At the beginning of the semester, I was informed that the purpose of the new buildings was for a career-based program at our school, and that they would like to use my theater program as the basis for a performing arts career pathway, considering I have like 10% of the school involved in my program. This was more than fine with me; in fact, I commented that theater is probably one of the most practical programs we offer.
It is just so true.
I love teaching theater because of all the practical skills that students learn. Since it is now considered a real class (last year, we were more like just a drama club), I am doing my standards-based planning from the California Standards for Career Education in Performing Arts.
One of my standards says that students will:
"Develop competencies and creative skills in problem solving, communication, and time management that contribute to lifelong learning and career skills."
Boy, that couldn't be a better description of what actually happens in my classes.
Student: "Mrs. Mohr, we still don't have a bed for Alice's bedroom."
Me: "You are in charge of set design. That is the centerpiece of this set. You have had two months. Figure it out by Friday."
Student: "Yes, Ma'am."
Two days letter... five teenage boys walked the multiple pieces of a bed down the street from his house, and voila, a bed appeared on the stage. I am fairly certain the student slept on the floor for the next two weeks, but he solved the problem.
Before I have even taken roll at the beginning of rehearsal.
Student: "Mrs. Mohr, we are missing (fill in name of random missing student)."
Me: "Someone call him."
Multiple students whip out cell phones and dial. The first one to get an answer then says (in a fantastically stern voice): "Where are you, dude?! Rehearsal is starting! (pause) No! Not Act 2! We are doing Act 1 today- it is on the calendar! Besides, you are in both acts."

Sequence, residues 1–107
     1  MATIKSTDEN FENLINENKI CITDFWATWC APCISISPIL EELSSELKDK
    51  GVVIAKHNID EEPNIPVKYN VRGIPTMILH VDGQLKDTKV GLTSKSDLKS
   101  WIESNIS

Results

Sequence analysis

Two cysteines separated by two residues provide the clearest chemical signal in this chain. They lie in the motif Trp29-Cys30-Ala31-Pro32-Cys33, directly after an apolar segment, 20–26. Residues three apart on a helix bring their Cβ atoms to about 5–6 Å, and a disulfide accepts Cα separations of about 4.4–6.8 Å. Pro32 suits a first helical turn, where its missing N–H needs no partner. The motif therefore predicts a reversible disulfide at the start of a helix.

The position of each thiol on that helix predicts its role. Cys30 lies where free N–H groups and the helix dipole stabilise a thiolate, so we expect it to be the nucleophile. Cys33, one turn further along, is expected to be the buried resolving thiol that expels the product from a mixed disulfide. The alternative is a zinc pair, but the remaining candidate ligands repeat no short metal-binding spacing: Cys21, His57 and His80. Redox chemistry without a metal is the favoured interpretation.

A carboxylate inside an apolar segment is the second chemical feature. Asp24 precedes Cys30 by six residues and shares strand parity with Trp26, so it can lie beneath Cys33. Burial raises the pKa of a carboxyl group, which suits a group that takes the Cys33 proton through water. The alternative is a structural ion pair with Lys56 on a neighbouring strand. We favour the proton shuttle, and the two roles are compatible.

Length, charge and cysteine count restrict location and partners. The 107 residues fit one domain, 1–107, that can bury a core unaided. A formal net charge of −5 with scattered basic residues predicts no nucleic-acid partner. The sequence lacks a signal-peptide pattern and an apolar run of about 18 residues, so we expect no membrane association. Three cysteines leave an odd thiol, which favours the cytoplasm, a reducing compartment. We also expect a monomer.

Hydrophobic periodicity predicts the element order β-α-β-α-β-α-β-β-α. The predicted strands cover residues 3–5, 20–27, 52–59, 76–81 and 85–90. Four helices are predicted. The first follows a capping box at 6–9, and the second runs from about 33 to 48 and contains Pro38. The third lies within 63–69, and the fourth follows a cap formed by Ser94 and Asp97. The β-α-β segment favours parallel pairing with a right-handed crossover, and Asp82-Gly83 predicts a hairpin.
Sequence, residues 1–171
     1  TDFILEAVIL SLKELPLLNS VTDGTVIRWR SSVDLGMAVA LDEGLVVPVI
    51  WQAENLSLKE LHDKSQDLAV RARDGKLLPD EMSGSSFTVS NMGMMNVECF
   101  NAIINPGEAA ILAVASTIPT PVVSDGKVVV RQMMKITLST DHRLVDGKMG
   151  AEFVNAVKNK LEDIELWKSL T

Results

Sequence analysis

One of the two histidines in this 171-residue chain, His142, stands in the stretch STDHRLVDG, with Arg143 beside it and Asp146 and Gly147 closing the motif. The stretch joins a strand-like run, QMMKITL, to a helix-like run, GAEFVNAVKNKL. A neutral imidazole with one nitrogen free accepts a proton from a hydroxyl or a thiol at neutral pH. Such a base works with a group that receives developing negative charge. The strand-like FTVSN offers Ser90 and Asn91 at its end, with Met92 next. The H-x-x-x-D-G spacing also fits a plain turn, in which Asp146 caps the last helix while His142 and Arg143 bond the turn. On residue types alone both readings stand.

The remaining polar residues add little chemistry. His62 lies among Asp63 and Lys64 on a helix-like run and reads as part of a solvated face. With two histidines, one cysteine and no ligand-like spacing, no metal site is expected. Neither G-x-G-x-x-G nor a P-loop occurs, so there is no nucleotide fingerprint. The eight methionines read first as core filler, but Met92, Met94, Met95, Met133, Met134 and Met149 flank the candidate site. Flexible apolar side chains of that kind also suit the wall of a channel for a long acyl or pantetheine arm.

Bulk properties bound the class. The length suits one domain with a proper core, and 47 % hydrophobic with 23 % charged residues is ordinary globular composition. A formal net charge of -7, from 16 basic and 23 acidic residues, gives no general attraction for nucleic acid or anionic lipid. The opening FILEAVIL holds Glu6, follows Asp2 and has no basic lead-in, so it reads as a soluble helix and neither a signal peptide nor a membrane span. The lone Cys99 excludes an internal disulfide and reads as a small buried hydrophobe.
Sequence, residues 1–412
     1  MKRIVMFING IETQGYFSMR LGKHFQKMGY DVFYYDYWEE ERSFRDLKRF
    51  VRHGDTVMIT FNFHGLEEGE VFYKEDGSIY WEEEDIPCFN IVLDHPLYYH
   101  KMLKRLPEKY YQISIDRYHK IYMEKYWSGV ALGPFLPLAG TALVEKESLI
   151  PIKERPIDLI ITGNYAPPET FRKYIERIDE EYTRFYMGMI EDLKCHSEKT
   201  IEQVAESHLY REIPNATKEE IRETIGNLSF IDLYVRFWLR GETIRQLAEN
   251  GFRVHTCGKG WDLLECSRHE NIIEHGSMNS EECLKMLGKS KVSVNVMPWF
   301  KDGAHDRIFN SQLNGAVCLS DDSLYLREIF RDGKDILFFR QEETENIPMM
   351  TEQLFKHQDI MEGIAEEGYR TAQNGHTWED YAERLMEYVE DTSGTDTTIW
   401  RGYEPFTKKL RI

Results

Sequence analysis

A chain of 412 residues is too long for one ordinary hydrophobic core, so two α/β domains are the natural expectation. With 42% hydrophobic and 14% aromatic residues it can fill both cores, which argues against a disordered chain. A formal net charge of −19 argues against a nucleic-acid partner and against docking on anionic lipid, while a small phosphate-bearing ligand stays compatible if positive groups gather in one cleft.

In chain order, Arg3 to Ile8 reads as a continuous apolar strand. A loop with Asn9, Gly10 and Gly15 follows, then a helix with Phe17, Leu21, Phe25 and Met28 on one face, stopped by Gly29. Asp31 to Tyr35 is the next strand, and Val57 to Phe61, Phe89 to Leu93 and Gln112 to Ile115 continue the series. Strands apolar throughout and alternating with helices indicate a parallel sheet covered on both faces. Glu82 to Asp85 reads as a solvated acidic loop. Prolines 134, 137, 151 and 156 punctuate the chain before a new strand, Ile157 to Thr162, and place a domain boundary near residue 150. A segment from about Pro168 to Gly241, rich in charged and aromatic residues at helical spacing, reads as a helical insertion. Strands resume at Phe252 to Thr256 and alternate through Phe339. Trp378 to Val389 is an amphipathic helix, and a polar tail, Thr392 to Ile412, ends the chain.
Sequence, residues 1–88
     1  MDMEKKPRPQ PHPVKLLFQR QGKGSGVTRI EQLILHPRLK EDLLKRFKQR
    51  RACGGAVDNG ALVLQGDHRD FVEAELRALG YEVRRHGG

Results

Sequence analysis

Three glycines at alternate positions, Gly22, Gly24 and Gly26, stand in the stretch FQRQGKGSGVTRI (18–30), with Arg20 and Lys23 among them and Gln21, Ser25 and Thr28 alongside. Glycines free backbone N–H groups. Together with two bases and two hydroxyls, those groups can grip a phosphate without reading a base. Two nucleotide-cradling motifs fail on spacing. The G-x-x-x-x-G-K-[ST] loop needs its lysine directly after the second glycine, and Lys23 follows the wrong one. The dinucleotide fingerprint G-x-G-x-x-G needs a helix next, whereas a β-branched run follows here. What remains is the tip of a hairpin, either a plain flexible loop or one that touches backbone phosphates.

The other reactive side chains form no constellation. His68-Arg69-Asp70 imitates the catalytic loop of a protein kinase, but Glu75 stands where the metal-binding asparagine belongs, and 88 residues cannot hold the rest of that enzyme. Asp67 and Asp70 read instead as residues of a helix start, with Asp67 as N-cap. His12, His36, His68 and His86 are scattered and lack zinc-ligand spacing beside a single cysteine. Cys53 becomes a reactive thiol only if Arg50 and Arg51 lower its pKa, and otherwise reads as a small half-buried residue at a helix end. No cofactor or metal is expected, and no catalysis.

I smile. Missing student appears by his scene.
Student: "Mrs. Mohr, can I be excused from rehearsal tomorrow? I have a group project due Friday that my group wants to work on."
Me: "No. We need you here. Invite them to rehearsal. You can work between scenes."
Student: "Okay, but can we borrow your laptop to do the research?"
Me: "Sounds like a plan."
These are regular occurrences in my program, and just a few examples of how these students make me so proud. They all take some training at first, but they truly develop the responsibility and mindset of career professionals. It is funny, because by the end of last year, I had sort of forgotten what it was like at the beginning of the year, when all of these skills and habits very much still needed to be learned. This year, I have about half returning students and half new students. The new students are just figuring these things out, but what is so fantastic this year is that the returning students are so with it, so helpful, such problem solvers... and have NO mercy on the new kids. One of the new kids did not show up for rehearsal today. A returning student looked up his cell phone number in my index card file and discovered his number was no longer in service. A returning student who was not in the scene agreed to fill in for this rehearsal, while the rest of the students vowed to kick his butt upon his return. About 30 minutes later, as we were wrapping up his scene, one of the students yelled, "Hey, there he is, walking home! What the heck?" This then prompted the entire cast to run out the door and up to the fence to catch him walking down the street, where much scolding was done. Meanwhile, I sat in my chair and waited for them to return. :-) I super love that the kids are now learning from each other.
Some of the freshman do need some coaching. I had to explain to one girl today that she can figure out when she has rehearsal by looking at the rehearsal calendar (novel concept, right?). Earlier in the rehearsal, I had to explain to the same student that she actually has to read the information in italics to know where to enter and exit.
I also learned today that Christmas carols do not cross the cultural barrier quite as well as I thought, and surprise, surprise- they don't know "Joy to the World" or "God Rest Ye Merry Gentlemen." Oops. Who would have guessed. But they will learn....
I love my job.